Renewable Energy Roundup & Green Living Fair
P.O. Box 2735 | Fredericksburg, Texas 78624 | 830-997-2350

The Renewable Energy Roundup & Green Living Fair is organized by: The Center for Policy Studies and Texas Renewable Energy Industries Assoc.

The Galapagos Islands

The Galapagos Islands, situated about 600 miles west of Ecuador, are a small archipelago consisting of 19 islands of various sizes. These islands were declared a UNESCO World Heritage site in 1978. The islands of the Galapagos are where Darwin’s Theory of Evolution, and, consequently, “Darwin’s Finches” stemmed from. I have had the amazing opportunity to spend 10 days on this archipelago, and consider it the most life-changing experience I have had to this day.

Sea lions sunbathing on a boat off a little island in the Galapagos - taken by me

Sea lions sunbathing on a boat off a little island in the Galapagos – taken by me

In order to protect the islands from the overflowing of visitors, the Ecuadorian government limits the amount of people that can visit the area each year. Furthermore, the World Wide Fund for Nature (WWF) is dedicated to conserve the Islands. WWF has been educating locals on things such as efficient and sustainable fishing, as well as creating new environmentally-safe landfills that are in the process of being built on one of the main islands.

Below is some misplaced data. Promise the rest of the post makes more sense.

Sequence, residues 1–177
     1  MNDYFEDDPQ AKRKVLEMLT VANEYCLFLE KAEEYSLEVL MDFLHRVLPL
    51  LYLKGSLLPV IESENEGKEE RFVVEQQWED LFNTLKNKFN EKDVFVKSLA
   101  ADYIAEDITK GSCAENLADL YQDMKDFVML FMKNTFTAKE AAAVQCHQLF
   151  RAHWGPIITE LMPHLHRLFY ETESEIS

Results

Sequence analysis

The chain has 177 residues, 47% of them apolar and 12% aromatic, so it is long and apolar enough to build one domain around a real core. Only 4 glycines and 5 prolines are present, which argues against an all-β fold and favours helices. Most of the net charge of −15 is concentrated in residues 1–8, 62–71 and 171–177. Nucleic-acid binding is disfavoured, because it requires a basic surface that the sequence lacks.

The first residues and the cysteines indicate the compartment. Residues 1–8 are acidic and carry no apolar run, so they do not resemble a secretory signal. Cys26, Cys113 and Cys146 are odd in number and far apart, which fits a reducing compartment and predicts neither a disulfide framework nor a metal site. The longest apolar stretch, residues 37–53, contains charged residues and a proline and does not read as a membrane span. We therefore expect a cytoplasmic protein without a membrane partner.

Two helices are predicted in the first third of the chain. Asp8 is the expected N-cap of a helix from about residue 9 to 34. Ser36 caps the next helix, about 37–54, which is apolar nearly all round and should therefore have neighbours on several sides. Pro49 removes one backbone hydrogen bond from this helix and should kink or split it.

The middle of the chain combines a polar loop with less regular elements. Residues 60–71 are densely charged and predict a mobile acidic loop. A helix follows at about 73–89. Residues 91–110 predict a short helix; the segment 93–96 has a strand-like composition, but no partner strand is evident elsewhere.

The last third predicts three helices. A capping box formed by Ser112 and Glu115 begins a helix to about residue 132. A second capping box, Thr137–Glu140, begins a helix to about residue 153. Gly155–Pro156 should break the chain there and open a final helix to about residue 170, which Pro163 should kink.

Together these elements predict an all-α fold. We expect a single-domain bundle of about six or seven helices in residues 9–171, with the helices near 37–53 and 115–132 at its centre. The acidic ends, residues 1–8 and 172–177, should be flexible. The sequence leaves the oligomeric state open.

The amount of diversity of animals and plants that is spread across the archipelago is remarkable. One of the reasons these islands are so unique is because different species of animals can be found in different parts of the archipelago. Red Footed Boobies, for example, can be found primarily in the northern islands.